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Promising Practices Recipient 2017: What has happened since?

Student Affairs Partnering with Academic Affairs
October 15, 2019

I became Co-Chair of the Awards and Recognition Committee in the Student Affairs Partnering with Academic Affairs Knowledge Community the year after I received the Promising Practices Award 2017. Prior to that, in 2015 I had moved from a Student Affairs director role to an Academic Affairs AVP role on a campus that was new to me. Both roles were cross-divisional in nature.

In my new role my colleagues and I were able to tell a compelling story of innovation in our Promising Practices nomination.  Even shortly after the initiation of our Student Success Team model, we were able to detect improvements in student outcomes, such as closing equity gaps and improving graduation rates overall.

However, as I look back I see that I underestimated the exciting developments that would lie ahead for us as an organization.

The project that I had nominated comprised the development of our Student Success Teams model. This was a newly implemented structure. In it, each one of our eight colleges houses a Student Success Center, and the experts there include: Career Specialist and Assistant Dean (Student Affairs); Retention Specialist and Graduation Specialist (Academic Affairs). These team members are experts who work together to support the faculty in their respective colleges, who provide the advising in their majors.

Since receiving the recognition from SAPAA, I was able to continue building the visibility and credibility of our innovative structure, both internally and nationally.  Prior to the construction of physical spaces in each college, where Student and Academic Affairs professionals were co-located, the awareness of how to refer students to different services was not widespread. Faculty complained often that they would dedicate hours to helping a student locate internships (duties of the Career Specialist), or support a first-year student struggling to overcome academic probation (duties of the Retention Specialist), or help an ambitious student find a leadership opportunity in a club tied to their major (duties of the Assistant Dean).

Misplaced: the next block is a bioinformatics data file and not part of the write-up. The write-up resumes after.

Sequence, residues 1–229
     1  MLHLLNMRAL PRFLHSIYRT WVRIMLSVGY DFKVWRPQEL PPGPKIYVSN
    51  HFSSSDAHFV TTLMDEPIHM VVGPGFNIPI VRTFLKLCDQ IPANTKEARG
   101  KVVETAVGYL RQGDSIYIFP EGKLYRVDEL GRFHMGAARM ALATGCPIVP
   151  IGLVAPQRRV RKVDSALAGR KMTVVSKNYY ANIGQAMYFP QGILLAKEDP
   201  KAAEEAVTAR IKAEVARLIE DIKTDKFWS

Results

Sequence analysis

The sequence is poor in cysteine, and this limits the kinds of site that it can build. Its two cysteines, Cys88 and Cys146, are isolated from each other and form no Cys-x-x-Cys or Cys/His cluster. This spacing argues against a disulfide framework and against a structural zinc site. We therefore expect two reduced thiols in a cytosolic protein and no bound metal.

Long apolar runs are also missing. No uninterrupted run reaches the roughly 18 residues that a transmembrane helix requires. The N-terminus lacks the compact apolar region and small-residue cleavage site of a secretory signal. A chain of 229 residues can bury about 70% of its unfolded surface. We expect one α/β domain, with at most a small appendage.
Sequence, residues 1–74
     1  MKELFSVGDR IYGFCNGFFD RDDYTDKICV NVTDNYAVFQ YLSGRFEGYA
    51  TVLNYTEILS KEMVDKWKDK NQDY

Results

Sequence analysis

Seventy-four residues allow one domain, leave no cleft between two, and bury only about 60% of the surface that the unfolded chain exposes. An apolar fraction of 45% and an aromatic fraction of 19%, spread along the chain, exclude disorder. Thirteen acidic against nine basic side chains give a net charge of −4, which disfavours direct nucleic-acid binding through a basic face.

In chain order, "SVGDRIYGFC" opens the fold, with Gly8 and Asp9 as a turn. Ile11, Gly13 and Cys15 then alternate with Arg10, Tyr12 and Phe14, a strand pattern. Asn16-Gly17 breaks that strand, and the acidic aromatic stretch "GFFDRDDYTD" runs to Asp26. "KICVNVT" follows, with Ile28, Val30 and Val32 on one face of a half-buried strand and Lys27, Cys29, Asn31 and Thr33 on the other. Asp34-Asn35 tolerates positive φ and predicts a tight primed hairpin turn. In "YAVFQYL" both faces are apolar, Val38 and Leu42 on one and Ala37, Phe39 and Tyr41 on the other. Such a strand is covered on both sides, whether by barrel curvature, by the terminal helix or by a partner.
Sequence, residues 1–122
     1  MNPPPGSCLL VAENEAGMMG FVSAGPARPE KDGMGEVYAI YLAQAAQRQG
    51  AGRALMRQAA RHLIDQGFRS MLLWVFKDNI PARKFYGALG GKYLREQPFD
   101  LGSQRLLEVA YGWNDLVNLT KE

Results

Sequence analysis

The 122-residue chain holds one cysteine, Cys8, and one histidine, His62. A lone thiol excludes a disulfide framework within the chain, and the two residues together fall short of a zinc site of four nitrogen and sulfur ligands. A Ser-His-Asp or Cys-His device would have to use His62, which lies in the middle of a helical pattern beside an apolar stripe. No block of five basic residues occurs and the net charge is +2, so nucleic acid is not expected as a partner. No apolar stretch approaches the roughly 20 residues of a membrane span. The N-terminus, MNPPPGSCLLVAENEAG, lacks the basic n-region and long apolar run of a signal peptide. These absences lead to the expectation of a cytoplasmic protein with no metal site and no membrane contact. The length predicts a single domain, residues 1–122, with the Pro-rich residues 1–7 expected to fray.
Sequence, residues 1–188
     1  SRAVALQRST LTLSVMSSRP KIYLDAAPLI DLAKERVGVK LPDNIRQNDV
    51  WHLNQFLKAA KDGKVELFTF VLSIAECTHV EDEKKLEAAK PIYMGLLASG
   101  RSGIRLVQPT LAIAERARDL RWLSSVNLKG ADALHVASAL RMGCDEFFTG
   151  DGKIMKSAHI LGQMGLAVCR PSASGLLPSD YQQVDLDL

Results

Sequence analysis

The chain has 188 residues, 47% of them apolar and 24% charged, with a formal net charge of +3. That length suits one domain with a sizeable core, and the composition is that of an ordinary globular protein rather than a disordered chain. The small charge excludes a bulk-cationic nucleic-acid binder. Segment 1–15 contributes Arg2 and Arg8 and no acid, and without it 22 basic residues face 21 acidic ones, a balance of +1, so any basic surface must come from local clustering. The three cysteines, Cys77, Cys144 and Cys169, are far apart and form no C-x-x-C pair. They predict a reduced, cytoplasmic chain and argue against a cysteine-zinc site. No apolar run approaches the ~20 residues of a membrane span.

I was not employed here in the era prior to the development of the Student Success Teams, but my perception is that everyone was working hard, in isolation. The disconnected operational units posed my biggest challenge, as I had staff in parallel roles reporting to me from within each Success Center. My mission was to unite them campus-wide.

When I first took on this effort my supervisor presented me with the diagram that he had produced over a year of painstaking meetings with associate deans and others.  He told me that what he gave me was the 24th draft.

Although I found this vision intriguing, I also detected some serious challenges. First, the students are nowhere in it. Also, the diagram does not depict any connectedness between one team and another, nor does it imply any unity of leadership between me and my Student Affairs peers who lead the Career Specialists and Assistant Deans. Furthermore, the Academic Advisement Center, a central resource to all for General Education advising, is not even integrated into the model.

This is where the spirit of SAPAA and the mission that drives my own motivation came into play.  It was why we were able to tell a compelling story to Promising Practices in our nomination. I strived hard to create partnerships and collaborations to advance this molecule-like model’s growth.

One of the activities that I lead each year is the annual Student Success Teams Retreat.  I plan it with my Student Affairs Partners: the Director of Career Services and the Executive Director of the Assistant Deans. 

For the 2017 retreat, I planned a session during our retreat where every participant would sketch out their idea for a visual depiction of the Student Success Teams. I was thrilled with the results.

There were images that resembled spider webs, swirls, plants and trees.  I then instructed the attendees to share their sketches with their group, and design a composite or group-generated sketch. 

Immediately, all began to comment that students appeared at the center of every design. Also noticeable is that the teams were shown to be connected to many campus resources rather than working in isolation from one another and the rest of the campus or community. 

Even the Academic Advisement Center showed up not off to the side, but rather, at the center of several sketches.

I delivered the collection of composite drawings to our graphic artist, and she produced something that I would say captures the very notion of what is meant by the “promise” of Promising Practices. Our collaborative structure has taken root and we continue to break down administrative boundaries.